A City in danger

Alexius Horatius/Wikipedia

America’s new version of Tombstone

As the level of gun violence in the Twin Cities continues to escalate, we see no real attempts to follow any of the many solutions proposed. The MSR last week had an article on fathers needing to talk to their sons. Jamil Jivana has recently written Why Young Men, about solutions to combat the rise in violence committed by young men of all races around the world. 

On Friday, July 12, 2019, gunmen walked into an upscale, CRAVE rooftop restaurant at Hennepin Avenue and 8th Street, in the heart of downtown Minneapolis. It’s the latest violence in our city.

Minneapolis Mayor Jacob Frey and Minneapolis Police Department Chief Medaria Arradondo say they have a plan. As of the writing of this column, we are still waiting for the unveiling of their plan. Gunfire has become a new normal most nights and days. Our sister city of St. Paul, the state capital of Minnesota, is not far behind Minneapolis in violence and mayhem.

The violence that spilled into early Saturday morning, July 13, in downtown Minneapolis, reflects a dangerous pattern of planning and implementing violence. The rioting and confrontation between partygoers and law enforcement frightened both citizens and visitors going to downtown Minneapolis. The same weekend some 20,000 young people from 13 countries were holding a youth faith gathering at Vikings stadium.

I have warned about this. Predictions of both what is hoped for and what is hoped to be avoided reflect a decade of what some call the “new normal.” Leadership (community, government, corporate, profits and nonprofits, TV, radio and print) stepping away from this violence as “normal” reflects the decision to not recognize the homicidal mentality as “this too shall pass.” That this violence will thus subside, until, of course, the next time this now “normal” cycle circles back.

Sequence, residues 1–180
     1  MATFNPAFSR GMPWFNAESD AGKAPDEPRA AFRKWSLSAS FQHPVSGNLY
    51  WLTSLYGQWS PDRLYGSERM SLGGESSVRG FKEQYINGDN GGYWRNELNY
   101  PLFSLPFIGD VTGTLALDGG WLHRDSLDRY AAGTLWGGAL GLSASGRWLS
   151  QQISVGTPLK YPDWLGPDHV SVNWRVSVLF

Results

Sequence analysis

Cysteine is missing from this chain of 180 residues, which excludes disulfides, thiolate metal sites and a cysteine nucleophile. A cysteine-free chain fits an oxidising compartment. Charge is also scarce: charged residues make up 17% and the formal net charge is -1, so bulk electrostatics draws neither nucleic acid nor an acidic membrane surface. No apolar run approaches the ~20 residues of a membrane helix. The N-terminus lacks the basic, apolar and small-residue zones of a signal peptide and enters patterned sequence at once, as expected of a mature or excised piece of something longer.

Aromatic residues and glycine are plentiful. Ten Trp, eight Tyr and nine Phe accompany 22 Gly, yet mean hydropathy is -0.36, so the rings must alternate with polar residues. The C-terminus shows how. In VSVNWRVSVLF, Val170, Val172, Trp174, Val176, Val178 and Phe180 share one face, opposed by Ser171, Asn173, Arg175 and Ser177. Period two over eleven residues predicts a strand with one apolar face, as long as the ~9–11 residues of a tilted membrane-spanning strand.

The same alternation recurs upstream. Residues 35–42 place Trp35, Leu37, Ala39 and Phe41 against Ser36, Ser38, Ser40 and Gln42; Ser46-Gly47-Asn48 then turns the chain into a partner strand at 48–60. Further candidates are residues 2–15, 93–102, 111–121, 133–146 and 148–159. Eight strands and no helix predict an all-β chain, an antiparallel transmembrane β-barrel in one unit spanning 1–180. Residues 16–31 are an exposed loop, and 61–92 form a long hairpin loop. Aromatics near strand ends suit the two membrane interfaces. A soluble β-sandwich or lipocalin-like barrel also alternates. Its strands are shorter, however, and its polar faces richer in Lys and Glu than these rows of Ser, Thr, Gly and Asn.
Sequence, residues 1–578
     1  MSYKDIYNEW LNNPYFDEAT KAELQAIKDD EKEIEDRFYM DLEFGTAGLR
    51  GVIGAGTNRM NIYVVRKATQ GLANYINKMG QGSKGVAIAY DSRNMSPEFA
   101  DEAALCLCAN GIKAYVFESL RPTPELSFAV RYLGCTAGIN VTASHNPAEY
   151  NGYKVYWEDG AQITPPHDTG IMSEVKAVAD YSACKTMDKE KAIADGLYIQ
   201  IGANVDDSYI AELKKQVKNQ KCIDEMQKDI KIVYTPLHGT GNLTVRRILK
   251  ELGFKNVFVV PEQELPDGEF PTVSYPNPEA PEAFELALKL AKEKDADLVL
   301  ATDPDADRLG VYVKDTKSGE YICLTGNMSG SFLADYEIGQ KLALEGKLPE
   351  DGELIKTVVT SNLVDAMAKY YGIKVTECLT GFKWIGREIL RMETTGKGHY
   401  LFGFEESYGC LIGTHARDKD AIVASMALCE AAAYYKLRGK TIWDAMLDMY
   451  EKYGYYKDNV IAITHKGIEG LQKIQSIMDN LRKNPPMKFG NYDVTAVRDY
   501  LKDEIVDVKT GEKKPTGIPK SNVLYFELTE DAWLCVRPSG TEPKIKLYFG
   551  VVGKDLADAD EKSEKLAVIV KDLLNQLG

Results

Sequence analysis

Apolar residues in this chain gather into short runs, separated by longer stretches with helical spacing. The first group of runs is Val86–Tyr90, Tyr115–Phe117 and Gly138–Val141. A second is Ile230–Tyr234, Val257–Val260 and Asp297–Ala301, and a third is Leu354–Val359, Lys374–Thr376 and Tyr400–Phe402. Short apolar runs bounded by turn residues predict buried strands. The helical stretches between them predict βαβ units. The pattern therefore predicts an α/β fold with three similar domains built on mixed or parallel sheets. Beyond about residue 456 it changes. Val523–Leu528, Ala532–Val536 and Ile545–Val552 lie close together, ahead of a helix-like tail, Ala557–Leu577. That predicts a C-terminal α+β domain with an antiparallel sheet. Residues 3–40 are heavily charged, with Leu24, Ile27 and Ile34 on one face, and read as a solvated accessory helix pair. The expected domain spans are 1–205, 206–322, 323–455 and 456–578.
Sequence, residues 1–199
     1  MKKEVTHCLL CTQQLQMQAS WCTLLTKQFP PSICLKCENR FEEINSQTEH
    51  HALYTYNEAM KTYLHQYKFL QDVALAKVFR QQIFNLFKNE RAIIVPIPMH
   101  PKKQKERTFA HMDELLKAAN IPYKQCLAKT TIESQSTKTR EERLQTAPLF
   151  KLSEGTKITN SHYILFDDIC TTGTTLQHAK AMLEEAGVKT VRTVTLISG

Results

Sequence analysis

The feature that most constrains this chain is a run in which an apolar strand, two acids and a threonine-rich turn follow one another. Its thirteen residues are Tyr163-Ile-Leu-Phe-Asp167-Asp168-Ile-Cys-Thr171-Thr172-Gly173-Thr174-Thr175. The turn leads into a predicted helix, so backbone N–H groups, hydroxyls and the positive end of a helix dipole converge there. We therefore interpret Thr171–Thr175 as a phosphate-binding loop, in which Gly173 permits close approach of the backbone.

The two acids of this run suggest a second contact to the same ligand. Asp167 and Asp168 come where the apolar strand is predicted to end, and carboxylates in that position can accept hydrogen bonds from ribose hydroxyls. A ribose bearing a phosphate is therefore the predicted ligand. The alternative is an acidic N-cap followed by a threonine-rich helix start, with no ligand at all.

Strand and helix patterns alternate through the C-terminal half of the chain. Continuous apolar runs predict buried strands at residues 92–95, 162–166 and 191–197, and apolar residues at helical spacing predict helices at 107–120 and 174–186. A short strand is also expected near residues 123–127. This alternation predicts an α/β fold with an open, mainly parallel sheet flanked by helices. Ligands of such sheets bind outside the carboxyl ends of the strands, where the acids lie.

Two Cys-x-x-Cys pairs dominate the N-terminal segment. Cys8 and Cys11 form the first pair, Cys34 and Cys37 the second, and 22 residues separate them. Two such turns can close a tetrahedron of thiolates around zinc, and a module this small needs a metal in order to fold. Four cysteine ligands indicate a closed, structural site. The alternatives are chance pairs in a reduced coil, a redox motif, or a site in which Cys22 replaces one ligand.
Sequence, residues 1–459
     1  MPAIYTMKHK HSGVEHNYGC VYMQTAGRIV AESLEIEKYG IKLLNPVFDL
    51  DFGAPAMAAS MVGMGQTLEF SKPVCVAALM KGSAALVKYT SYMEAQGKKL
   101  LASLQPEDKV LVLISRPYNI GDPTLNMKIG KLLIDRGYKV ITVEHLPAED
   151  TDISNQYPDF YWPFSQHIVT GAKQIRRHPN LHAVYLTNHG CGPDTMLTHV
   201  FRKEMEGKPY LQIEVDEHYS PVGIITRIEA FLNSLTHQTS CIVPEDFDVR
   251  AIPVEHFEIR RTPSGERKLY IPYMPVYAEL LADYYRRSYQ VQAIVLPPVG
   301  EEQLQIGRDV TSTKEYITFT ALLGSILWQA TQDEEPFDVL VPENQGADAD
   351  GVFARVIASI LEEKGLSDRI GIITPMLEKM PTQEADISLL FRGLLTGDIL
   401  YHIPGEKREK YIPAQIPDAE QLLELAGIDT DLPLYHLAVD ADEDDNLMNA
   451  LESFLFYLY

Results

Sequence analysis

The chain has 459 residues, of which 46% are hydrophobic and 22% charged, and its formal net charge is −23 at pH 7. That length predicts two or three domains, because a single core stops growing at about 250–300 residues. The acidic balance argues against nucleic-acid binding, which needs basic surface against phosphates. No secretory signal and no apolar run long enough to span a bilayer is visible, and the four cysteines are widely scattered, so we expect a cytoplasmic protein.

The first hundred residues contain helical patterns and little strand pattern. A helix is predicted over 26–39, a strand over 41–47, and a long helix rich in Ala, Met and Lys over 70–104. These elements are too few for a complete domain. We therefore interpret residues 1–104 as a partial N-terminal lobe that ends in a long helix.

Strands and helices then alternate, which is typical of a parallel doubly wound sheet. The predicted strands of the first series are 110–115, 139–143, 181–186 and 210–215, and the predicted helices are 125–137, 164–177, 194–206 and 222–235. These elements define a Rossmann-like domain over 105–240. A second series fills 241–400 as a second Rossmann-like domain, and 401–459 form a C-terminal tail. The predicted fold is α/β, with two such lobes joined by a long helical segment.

It was interesting to hear the comments of some who were interviewed by TV, cable, radio and print reporters and journalists, many offering a shell-shocked reflection of concern and fear of the “new normal” they have just lived through.

The event caused panic up high, on the upscale rooftop restaurant, as well as down on city streets, as leadership once again looked the other way, as if the carnage and chaos that erupted in the Twin Cities and surrounding metropolitan areas will self-contain and self-remove. 

Belief in the new normal prevents confronting the truth of a city’s violence that too often reminds us of TV and movie westerns of the wild west’s changing “normals,” as seen in such famous wild west place names as Northfield, Tombstone, Abilene, and Dodge City, including the famous outlaw criminals in early 20th century St. Paul.   

Then the shootings are gone. Until, of course, the next time. For some, being startled beyond anything imaginable showed up as a temporary interruption of what was to have been a beautiful rooftop experience of a great evening and what had been assumed to be a safe activity to enjoy.

It is a sad commentary when Minneapolis sounds like a movie based on a violent novel of a distant past. Where are the touted solutions, or is their missing also part of the long-wondered question: why has no organization, agency, person or leader asked about the solutions suggested in my 2002 book, my 16 years of columns since 2003, and the over 50 solutions on my Minneapolis Story website?

Stay tuned.